After da Gama formed an alliance with the ruler of Cannanore, an enemy of the Zamorin, the fleet sailed to Calicut, with the aim of wrecking its trade and punishing the Zamorin for the favour he had shown to Muslim traders. Da Gama bombarded the port and seized and massacred 38 hostages. The Portuguese then sailed south to the port of Cochin, with whose ruler (an enemy of the Zamorin) they formed an alliance. After an invitation to da Gama from the Zamorin had proved to be an attempt to entrap him, the Portuguese had a brief fight with Arab ships off Calicut but put them to full flight. On Feb. 20, 1503, the fleet left Cannanore for Mozambique on the first stage of their return voyage, reaching the Tagus on October 11.

The third voyage

Obscurity surrounds the reception of da Gama on his return by King Manuel. Da Gama seemingly felt himself inadequately recompensed for his pains. Controversy broke out between the Admiral and the Order of São Tiago over the ownership of the town of Sines, which the Admiral had been promised but which the order refused to yield. Da Gama had married a lady of good family, Caterina de Ataíde—perhaps in 1500 after his return from his first voyage—and he then appears to have retired to the town of Évora. He was later granted additional privileges and revenues, and his wife bore him six sons. Until 1505 he continued to advise the King on Indian matters, and he was created count of Vidigueira in 1519. Not until after King Manuel died was he again sent overseas; King John III nominated him in 1524 as Portuguese viceroy in India.

Arriving in Goa in September 1524, da Gama immediately set himself to correct the many administrative abuses that had crept in under his predecessors. Whether from overwork or other causes, he soon fell ill and died in Cochin in December. In 1538 his body was taken back to Portugal.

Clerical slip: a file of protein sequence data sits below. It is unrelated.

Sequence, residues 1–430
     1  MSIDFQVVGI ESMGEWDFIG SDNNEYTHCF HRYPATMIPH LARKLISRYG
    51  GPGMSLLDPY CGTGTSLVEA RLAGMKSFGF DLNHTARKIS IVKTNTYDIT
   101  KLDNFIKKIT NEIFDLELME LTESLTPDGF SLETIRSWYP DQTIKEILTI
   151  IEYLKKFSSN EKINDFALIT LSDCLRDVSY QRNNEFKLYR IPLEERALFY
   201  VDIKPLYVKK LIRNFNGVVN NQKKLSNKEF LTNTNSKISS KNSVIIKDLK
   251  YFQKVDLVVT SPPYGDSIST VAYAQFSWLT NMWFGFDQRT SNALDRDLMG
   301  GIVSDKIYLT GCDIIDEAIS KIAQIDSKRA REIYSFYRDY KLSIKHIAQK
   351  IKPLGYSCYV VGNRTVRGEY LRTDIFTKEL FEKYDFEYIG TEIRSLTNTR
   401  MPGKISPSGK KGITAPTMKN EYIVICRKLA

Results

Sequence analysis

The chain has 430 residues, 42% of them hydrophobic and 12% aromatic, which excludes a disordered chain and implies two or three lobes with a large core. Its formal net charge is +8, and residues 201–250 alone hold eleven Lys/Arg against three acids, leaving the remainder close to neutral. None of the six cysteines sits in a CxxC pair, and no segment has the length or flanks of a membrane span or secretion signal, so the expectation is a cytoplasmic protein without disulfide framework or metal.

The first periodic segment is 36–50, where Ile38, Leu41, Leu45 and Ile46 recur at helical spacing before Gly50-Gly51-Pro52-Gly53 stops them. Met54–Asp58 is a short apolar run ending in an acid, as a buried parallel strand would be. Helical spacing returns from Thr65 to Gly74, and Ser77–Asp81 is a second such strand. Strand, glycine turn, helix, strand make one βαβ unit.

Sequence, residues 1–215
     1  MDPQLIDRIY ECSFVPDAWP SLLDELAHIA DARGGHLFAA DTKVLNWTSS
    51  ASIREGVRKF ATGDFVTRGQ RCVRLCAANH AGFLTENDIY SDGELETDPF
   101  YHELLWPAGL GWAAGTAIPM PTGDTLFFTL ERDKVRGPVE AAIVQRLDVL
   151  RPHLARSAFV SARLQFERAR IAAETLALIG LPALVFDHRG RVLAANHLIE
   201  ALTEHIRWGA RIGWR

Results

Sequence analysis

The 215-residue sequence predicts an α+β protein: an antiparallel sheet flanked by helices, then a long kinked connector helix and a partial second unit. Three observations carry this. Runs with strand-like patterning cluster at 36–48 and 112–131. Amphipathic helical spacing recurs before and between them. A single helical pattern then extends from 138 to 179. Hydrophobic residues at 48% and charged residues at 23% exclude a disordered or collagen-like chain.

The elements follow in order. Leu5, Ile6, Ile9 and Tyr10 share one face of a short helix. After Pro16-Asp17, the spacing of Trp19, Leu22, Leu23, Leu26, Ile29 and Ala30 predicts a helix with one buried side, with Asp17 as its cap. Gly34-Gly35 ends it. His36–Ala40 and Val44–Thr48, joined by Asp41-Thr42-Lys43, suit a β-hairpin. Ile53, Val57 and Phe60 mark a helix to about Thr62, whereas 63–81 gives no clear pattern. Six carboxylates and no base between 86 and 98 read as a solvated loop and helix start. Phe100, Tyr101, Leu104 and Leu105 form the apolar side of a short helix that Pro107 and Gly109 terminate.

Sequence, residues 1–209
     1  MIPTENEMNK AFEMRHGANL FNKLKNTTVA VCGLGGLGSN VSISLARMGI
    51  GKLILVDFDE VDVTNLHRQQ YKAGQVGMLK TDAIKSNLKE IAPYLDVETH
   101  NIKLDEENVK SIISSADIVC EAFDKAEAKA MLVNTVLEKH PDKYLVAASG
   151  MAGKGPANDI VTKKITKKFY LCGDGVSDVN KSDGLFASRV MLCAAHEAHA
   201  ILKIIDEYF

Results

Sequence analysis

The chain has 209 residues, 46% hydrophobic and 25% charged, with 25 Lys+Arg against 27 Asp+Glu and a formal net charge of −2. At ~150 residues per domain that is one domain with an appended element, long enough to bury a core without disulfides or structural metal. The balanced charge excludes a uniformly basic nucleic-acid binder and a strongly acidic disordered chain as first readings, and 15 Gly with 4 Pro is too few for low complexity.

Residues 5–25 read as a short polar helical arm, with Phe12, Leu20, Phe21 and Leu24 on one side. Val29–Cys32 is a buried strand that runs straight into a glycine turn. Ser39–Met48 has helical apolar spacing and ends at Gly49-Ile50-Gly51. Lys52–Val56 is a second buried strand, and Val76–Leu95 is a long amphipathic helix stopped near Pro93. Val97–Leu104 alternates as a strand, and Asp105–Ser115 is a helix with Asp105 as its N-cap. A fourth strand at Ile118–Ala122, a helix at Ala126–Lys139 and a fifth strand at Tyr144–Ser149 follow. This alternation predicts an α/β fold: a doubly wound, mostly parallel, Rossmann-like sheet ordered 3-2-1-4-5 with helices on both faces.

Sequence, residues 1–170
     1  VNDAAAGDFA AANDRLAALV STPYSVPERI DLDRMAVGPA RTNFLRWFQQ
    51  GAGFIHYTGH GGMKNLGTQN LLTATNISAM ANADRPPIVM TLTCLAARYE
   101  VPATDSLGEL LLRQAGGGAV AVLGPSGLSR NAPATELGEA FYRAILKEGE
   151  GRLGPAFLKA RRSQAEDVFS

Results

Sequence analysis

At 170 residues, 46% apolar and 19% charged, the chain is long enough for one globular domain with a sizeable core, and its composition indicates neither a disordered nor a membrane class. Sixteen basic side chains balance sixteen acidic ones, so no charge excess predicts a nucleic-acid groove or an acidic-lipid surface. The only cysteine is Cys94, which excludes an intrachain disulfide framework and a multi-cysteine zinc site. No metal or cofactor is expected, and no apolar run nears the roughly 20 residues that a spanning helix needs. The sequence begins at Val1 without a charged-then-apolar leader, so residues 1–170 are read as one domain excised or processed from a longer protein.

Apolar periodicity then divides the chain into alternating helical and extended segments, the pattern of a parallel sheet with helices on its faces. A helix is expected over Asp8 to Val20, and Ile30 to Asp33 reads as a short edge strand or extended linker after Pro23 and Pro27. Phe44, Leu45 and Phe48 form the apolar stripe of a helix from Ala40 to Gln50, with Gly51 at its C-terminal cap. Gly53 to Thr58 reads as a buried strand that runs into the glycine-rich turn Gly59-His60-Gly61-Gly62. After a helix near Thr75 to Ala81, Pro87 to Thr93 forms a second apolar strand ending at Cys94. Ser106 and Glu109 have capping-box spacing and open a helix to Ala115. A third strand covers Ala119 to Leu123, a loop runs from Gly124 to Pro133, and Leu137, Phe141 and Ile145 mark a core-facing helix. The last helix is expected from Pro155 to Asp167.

Eila M.J. Campbell
Felipe Fernandez-Armesto

Encyclopaedia Britannica






king of Portugal
Portuguese Sebastião
born Jan. 20, 1554, Lisbon, Port.
died Aug. 4, 1578, near Alcazarquivir, Mor.

king of Portugal from 1557, a fanatically religious ruler who lost his life in a crusade against the Muslims in Morocco. After his death, many of his subjects believed that he would return to deliver them from Spanish rule, a messianic faith known as Sebastianism (Sebastianismo).

Sebastian was the posthumous son of John, heir to the Portuguese throne, and succeeded his grandfather, John III, at the age of three. He was austerely educated by Jesuits and, as he grew into manhood, saw himself as Christ’s captain, destined to win victories over the Muslims. Neither his grandmother, Queen Catherine, nor his great-uncle, Cardinal Henry, had much influence over him. He took power in 1568 and devoted himself to his overriding ambition, reversing the policy of John III, which had been to withdraw from costly conquests. In 1578 Sebastian led a large force of Portuguese and international adventurers that landed near Larache and was crushed by a greatly superior Moroccan army. The myth that he survived the battle gave rise to the mystical Sebastianism. Four impostors claimed to be Sebastian between 1584 and 1598.

Encyclopaedia Britannica



Portugal up to the Occupation by Napoleon

Neither under the Spanish nor under the House of Braganca did Portugal regain its former importance. Following reforms under Pombal, the country was occupied by Napoleon in 1807.


Since time immemorial, Portugal's rulers had made marriage alliances with the Spanish ruling houses.

Philip II of Spain, an uncle of King Sebastian, rejected claims by related dynasties in 1580 and occupied Portugal, which he absorbed into his empire.

Portugal was further undermined through the weaknesses of the Spanish Habsburgs after 1598. The Dutch replaced their hegemony in the Indian Ocean and seized the Moluccas in 1663 and Ceylon in 1668.